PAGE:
You don’t really go to World of Pinot Noir to catch up on all the latest Willamette Valley bottlings, but there was some representation.  Out of those, I was most impressed by the gentle yet snappy, brightly scented 2011 Ann Amie Vineyards (Yamhill-Carlton).  In a similar vein, the 2012 Witching Stick Dowser's Cuvé(Anderson Valley) blends two vineyards in Anderson Valley and two in Mendocino Ridge; turning out lighter weight, acid driven, full of the upbeat, floral raspberry/cherry character I've always associated more with Willamette Valley than anywhere in California.  Not that a California Pinot should ever taste Oregonian, but to me it's a positive, and not entirely inappropriate for cooler climate pockets of Mendocino.

I could go on – every year Pinot Noir just seems to get better and better – but I won’t.  Suffice to say, it was a good weekend; not so much because of the plethora of fabulous wines as the joy of seeing more and more of them tasting less like “winemaker’s art” and more like the places from where they come.  American Pinot Noir may finally be growing up!

MacPhail Family's James and Kerry MacPhail

Tuesday, February 17, 2015

What a wine lover really wants

Author as a burgeoning sommelier (1982)

Is there a new American wine?

In an 2014 piece published in The Washington Post, longtime industry observer Dave McIntyre projected the evolution of what he calls “the new American wine,” strongly influenced by steadily growing consumer interest in wines grown and produced in states other than California (i.e. the “drink local” mantra), where the sun so easily engenders such rich, full bodied wines.  Writes McIntyre:

What does the new American wine taste like?  Because so much of it is coming from outside California (although the Golden State still dominates every statistical analysis of U.S. wine production), the wines are less ripe and alcoholic, combining a European sense of balance with American flair.  They might use unusual grape varieties, such as Petit Manseng or Chardonel, as vintners discover which vines grow best where.  Grape varieties could become less important as winemakers focus more on expressing the voice of their vineyards, often with blends that don’t follow traditional wine paradigms.  The new American wine is a wine of place, proud of where it comes from and proud of its diversity.

As for California wines, McIntyre adds:

These trends are happening inside California as well... we will hear more about moderating alcohol levels as winemakers, such as those in In Pursuit of Balance and other groups, redefine ripeness.  The sledgehammer wines with 15% alcohol might not be extinct, but their heyday has passed.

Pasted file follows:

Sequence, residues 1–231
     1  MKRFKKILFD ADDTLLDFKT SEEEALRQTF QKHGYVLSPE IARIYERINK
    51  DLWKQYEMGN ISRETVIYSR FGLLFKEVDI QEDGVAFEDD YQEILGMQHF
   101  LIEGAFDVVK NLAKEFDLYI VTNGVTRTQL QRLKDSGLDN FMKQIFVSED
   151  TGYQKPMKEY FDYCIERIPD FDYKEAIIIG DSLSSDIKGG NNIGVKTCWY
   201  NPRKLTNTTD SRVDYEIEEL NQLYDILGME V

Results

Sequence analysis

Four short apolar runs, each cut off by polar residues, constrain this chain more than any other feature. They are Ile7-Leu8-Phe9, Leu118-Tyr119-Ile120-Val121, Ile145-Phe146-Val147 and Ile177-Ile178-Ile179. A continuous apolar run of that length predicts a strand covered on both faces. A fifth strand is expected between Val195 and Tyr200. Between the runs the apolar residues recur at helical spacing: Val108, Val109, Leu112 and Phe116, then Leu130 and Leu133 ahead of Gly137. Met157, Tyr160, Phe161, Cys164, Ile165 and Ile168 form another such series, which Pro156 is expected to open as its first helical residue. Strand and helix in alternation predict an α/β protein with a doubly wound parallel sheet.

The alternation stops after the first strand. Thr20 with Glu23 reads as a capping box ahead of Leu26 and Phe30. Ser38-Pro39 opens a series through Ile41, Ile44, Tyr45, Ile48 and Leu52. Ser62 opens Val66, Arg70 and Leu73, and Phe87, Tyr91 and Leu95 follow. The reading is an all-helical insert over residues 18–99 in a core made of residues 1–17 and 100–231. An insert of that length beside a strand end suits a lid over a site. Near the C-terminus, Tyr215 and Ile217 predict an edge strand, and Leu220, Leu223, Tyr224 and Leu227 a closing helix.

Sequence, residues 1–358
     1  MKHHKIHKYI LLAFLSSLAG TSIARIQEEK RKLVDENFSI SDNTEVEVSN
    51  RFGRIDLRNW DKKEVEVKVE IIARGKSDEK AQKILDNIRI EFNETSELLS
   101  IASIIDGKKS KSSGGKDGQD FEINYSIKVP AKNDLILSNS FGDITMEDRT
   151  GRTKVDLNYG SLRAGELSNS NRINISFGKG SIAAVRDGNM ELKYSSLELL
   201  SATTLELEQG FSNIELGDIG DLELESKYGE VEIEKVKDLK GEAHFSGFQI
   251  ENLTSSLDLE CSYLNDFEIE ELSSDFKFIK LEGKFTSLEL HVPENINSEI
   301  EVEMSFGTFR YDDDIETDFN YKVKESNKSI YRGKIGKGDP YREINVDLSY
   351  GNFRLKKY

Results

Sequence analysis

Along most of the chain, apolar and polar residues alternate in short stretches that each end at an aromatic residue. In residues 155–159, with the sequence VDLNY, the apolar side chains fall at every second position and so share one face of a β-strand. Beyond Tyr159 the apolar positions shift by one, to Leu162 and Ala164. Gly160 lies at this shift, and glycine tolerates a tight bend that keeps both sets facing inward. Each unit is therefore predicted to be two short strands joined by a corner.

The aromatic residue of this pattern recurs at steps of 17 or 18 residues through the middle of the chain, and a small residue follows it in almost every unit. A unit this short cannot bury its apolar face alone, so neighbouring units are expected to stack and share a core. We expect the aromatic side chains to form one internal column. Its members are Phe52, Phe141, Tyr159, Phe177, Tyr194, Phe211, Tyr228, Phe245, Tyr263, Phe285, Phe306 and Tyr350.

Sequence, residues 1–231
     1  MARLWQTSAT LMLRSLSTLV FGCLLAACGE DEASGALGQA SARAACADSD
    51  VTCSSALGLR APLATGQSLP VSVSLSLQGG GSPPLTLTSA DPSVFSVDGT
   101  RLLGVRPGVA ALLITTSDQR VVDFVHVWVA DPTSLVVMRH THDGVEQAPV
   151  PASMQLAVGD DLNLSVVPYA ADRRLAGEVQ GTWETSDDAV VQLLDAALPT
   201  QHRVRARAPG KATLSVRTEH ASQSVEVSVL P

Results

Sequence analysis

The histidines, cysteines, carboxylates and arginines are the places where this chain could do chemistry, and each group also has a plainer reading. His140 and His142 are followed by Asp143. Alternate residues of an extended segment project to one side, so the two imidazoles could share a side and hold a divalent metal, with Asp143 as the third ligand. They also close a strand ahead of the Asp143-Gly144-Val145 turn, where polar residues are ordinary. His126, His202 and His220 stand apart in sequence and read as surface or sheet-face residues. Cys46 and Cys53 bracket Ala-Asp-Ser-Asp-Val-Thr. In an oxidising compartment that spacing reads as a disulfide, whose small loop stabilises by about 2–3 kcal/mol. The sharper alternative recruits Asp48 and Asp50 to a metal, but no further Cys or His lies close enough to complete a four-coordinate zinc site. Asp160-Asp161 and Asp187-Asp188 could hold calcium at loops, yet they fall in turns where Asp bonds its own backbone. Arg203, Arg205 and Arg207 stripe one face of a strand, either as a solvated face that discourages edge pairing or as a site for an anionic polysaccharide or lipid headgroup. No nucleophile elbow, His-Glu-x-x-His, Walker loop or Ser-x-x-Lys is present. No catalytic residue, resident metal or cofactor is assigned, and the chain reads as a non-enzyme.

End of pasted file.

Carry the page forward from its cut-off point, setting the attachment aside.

Artist Kathy Womack's depiction of today's wine lovers

Is the heyday of big alcohol wines – like big hair, or big fins on cars – coming to pass, or is this simply another case of a journalist closing his eyes and tapping his heels three times to wish something along?

When I started in the business in 1978, almost all wines were finished at about 12% alcohol (or 13%, if you really wanted to go wild).  Anything near 14% was considered weird, a freak of nature.  Most California red wines were aged in tree-sized redwood vats until their varietal fruit qualities were smoothed (or dried) out, and virtually no white wines saw aging in small “center of France” oak barrels.  Yet this was just the thing for grandpa and grandma, happily consuming these low-key wines by the gallon-jug from stubby glasses, or that restaurants served by the 1-liter “carafe” day and night.

The reason why Californians, in particular, were producing less ripe, lower alcohol style wines prior to the 1980s was because in those days they didn’t have better ways of doing it:   trellising and viticultural practices of the past made it difficult to grow grapes beyond 22° or 22.5° Brix (sugar levels that convert to just 12% to 13% alcohol and, thus, diminished fruit expression).  It wasn’t so much a style choice as an only choice.

Yet McIntyre makes a good point about the increased exposure to European wines influencing contemporary Americans’ taste in wine.  The European model is generally lighter and leaner – closer to the 12% alcohol and low emphasis on fruit that suited grandma and grandpa just fine – which is why it’s always such a shock when you find the occasional European imports made in softer, heavier, fruitier, woodier styles just to please us dumb Americans.

Optimal consumer segment:  female, early to mid-30s.

But let’s face it:  the reason why 14% alcohol wines are considered light by today’s standards, and why ultra-ripe, oaky styles have became so popular in recent years, was not only because viticultural and winemaking improvements made it possible, but also because consumers (not to mention 100-point critics) have liked them that way. Wine drinkers are like voters:  we like our big mouthed, obnoxious, even dim witted politicians, and continuously complain once we put them in office.

Still, today’s producers are always feeling the pressure to produce wines that fit the 100-point media’s criteria for what constitutes “good wine,” since media response is very much a part of the sales process.  But this does not keep consumer tastes from forever being in a state of flux.  Consumer tastes are constantly evolving, with or without media input.